Kindly correct if I am wrong in above understanding. Now following are my questions:
            A. Are these same rules applicable on futures/options also?
            B. Are futures/options being just contracts can be bought and sold anytime i.e., intraday, T+1 and T+2 and beyond?
            C. If they have different rules, please explain.
            Thanks,
            Sumit Kumar Pandit

          • Karthik Rangappa says:

            1) Yes, this is correct
            2) Yes, this is correct as well
            3) This will be a BTST trade, suggest you read this – https://zerodha.com/z-connect/queries/stock-and-fo-queries/btstatst-buyacquire-today-sell-tomorrow
            4) Yes, sell would be from DEMAT
            5) Yes

            A) The settlement is slightly different. I’d suggest you read the Futures module – https://zerodha.com/varsity/module/futures-trading/
            B) Yes, these can be bought and sold anytime. Your holding period can be as small as 30 Seconds.
            C) Please go through the module on derivatives.

          • Prateek Lal says:

            Hi Karthik, thanks for curating such great and educative content @varsity. Could you please refer me to the Derivatives section where I could read all about CO and BO. I couldn’t find the derivatives module.

          • Karthik Rangappa says:

            Glad you liked it, Prateek. We have divided the derivative across 3 modules –

            1) Futures – https://zerodha.com/varsity/module/futures-trading/
            2) Options Theory – https://zerodha.com/varsity/module/option-theory/
            3) Option Stratergies – https://zerodha.com/varsity/module/option-strategies/

            BO/CO is a part of the Futures module.

    • karan agrawal says:

      hello sir i am karan . i am not able to sell my stocks…i am trying to sell my stocks from over 1month but some other user ADMINSQF1 is buying it …whats that …..what should i do????

    • Dharmveer Choudhary says:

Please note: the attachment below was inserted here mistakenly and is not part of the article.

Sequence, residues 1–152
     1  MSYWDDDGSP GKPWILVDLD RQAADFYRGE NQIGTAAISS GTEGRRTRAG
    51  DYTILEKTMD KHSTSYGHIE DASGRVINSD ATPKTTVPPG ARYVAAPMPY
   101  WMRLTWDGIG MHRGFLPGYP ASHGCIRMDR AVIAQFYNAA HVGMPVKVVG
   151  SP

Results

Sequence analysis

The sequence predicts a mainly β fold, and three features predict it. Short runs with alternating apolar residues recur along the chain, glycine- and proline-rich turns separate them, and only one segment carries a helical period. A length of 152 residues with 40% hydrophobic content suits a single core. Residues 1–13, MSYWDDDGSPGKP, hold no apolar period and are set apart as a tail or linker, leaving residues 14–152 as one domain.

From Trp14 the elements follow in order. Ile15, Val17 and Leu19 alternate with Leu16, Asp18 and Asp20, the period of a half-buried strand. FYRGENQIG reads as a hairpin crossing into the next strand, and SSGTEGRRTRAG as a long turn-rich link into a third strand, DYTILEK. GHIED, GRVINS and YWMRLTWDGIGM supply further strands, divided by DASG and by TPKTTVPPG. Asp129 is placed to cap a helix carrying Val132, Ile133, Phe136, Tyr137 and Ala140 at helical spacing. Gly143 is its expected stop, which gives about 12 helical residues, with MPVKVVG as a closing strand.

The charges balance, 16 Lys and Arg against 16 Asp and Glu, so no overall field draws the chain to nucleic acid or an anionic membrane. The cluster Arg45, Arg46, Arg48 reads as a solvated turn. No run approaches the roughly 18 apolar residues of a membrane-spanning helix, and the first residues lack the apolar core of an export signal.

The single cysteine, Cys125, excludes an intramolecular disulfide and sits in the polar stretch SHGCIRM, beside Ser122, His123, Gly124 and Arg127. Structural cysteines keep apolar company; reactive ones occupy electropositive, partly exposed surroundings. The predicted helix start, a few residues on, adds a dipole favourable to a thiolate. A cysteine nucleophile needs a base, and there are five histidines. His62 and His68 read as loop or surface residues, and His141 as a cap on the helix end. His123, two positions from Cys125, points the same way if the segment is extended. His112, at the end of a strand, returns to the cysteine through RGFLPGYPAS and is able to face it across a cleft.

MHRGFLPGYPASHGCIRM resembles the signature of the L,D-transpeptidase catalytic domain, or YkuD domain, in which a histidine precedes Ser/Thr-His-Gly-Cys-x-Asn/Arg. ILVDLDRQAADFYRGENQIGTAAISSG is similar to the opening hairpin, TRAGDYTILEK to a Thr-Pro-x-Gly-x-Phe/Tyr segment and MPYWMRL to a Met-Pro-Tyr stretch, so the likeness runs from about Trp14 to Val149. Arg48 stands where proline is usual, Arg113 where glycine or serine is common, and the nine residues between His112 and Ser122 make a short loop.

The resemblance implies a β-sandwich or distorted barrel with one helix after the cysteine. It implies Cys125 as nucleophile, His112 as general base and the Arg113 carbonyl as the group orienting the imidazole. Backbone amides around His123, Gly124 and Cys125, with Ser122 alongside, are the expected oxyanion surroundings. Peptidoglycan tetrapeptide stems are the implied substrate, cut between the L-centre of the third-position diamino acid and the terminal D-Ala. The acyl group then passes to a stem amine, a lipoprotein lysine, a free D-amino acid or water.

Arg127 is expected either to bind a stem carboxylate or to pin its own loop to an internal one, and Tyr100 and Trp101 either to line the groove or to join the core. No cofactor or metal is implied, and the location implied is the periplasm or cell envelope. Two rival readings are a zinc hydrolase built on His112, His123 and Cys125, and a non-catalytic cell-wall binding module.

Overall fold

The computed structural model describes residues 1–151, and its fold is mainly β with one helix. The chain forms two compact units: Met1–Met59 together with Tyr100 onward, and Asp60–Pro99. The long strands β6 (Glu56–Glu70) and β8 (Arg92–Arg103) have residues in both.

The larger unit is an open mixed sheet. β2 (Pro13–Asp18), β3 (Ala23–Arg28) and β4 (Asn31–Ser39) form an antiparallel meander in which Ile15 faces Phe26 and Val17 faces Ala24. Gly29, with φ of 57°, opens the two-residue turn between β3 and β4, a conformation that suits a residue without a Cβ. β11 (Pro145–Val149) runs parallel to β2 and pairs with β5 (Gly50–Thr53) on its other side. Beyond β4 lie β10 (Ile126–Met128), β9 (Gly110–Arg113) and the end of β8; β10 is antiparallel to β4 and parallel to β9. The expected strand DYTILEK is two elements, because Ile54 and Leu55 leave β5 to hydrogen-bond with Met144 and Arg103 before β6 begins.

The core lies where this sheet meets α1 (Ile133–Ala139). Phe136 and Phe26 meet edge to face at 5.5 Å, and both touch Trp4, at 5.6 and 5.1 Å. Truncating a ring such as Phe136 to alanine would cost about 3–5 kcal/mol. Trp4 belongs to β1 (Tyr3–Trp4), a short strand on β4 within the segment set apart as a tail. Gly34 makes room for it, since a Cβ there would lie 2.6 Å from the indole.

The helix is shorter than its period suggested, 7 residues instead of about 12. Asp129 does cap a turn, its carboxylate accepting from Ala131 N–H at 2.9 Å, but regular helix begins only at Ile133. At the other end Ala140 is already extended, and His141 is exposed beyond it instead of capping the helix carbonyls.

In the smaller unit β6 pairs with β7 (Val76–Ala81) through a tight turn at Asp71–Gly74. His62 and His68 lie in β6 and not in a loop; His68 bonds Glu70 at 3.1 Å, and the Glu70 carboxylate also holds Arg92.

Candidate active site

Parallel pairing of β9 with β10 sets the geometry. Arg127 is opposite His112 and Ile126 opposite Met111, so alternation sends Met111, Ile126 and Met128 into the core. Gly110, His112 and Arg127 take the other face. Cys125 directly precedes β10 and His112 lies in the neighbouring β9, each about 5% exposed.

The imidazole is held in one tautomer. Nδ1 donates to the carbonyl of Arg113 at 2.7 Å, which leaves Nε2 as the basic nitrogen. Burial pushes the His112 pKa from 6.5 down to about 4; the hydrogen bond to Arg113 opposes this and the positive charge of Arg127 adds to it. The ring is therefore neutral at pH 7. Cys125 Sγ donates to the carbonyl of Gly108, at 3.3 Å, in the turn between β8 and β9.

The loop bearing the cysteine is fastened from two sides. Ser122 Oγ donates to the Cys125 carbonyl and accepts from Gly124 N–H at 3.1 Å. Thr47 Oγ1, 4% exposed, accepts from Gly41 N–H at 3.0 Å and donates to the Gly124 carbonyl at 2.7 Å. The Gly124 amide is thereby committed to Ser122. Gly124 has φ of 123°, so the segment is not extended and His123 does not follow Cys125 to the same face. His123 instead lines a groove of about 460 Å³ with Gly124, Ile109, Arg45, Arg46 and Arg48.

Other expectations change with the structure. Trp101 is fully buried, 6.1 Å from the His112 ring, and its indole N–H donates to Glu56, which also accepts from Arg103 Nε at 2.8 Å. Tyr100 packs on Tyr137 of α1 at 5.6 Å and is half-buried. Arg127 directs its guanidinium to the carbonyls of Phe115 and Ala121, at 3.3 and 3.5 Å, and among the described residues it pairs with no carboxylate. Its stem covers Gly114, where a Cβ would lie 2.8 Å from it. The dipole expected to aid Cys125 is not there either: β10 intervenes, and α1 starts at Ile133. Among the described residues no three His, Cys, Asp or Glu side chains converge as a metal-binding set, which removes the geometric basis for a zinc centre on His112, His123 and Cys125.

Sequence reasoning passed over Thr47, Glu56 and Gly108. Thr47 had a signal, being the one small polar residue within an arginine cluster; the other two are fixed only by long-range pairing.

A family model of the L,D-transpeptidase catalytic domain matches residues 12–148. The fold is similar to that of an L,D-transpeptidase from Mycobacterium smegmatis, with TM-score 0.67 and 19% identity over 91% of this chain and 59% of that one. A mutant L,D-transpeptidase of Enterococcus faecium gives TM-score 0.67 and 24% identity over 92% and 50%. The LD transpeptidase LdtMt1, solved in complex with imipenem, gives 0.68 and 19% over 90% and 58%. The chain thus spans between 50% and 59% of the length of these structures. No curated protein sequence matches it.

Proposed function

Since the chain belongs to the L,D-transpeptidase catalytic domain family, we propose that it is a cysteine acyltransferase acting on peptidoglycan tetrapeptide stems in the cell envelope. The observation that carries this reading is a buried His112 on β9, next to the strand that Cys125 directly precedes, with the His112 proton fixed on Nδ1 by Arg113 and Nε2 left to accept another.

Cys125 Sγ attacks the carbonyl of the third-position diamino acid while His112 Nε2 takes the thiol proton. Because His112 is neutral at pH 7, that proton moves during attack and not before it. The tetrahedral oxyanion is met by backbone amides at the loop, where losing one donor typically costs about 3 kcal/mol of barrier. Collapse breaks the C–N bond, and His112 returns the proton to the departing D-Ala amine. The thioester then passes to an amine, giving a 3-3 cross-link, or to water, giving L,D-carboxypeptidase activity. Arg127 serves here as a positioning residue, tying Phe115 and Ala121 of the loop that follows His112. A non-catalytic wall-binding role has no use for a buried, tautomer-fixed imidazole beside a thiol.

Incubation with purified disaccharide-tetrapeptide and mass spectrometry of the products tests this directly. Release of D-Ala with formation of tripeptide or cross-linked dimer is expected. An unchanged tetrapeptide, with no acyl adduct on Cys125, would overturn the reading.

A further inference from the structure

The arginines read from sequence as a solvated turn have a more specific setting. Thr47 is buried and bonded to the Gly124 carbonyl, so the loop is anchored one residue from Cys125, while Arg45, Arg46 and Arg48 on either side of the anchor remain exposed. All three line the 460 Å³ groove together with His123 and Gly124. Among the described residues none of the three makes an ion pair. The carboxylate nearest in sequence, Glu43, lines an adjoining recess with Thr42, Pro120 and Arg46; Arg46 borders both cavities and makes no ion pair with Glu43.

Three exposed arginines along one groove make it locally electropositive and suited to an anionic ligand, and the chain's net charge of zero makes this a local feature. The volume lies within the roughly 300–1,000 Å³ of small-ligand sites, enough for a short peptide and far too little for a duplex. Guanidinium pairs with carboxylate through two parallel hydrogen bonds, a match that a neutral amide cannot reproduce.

If i sell my shares on Thursday when i will able to transfer money in my bank account from Trading account?

    • Avinash says:

      I want to ask one question I am using Zerodha So what happen in the case where I sold X company shares and amount is reflected immediately as free cash with same figure as -minus in margins and if I used this same amount shown in -margins for purchasing Y company shares do it deduct some charges for it apart from normal brokerage charges…???

      • Karthik Rangappa says:

        All applicable charges will be deducted, Avinash. You should buffer for this before buying Y to avoid any -ve balance in your trading account. Check this to know about all the charges – https://zerodha.com/charges

        • Kunal Kothari says:

          I have the same question.
          1) If I sell “Stock/Bond/InvIT/FMP X” for Rs 1000 today, and want to buy “Company Y” shares the same day for Rs 950, is it possible, or do I have to wait for T+2 after the sale before I can buy with the Rs 1000?
          2) What if I have units worth Rs 1000 of Liquid Bees/ETF of Reliance/DSP? Do I have to sell the units before or after I buy “Company Y” stock? (I assume at least in this case I don’t need to wait for T+2 before buying)
          Thanks in advance!

          • Karthik Rangappa says:

            1) We provide you credit to the extent of the shares sold on the same day. So you can buy Y shares the same day. But do account for the applicable charges
            2) Its the same, you get credit to the extent of sale. So you can buy shares of Y the same day.

    • Sandeep says:

      I sold shares at 5000/- profit still my free cash and margin used are same
      When will it get changed

      • Karthik Rangappa says:

        The settlement is on a T+2 basis, but you will have the margins available on your dashboard. I’d suggest you call the support desk to check this once. Thanks.

    • Arvind kumar singh says:

      Sir main 20/12/2018(Thursday) ko intraday me 185/- profit earned kiya but abhi tk profit hmare Demat account me nhi credit kiya gya hai.

    • Ankit Chandra says:

      If i am buying one share on MIS option and after buying rate is going down and wish to take delivery then how to retain that share and stop selling on market rate at the end of the day?

      • Karthik Rangappa says:

        Ankit, you can do a simple position conversion here. Doing so the MIS position will be converted to a CNC buy and you can carry forward the position overnight.

  2. Surya says:

    How does the intraday buy and sell work in this case? Does it mean in case of intraday trading we are essentially selling the shares that are not with us?

  3. udit says:

    if i buy share om friday ,what will be t+1 day and t+2 day??

  4. udit says:

    if i by share in CNC and sell on same day ,which brokerage i have to pay intraday or delivery ?

  5. Harish says:

    How to transfer money from bank to trading account and vice versa?

    • Karthik Rangappa says:

      You can do this by clicking on the ‘Fund Transfer’ option. Through this you can bring money into your trading account or take money out of your trading account (back to your bank account).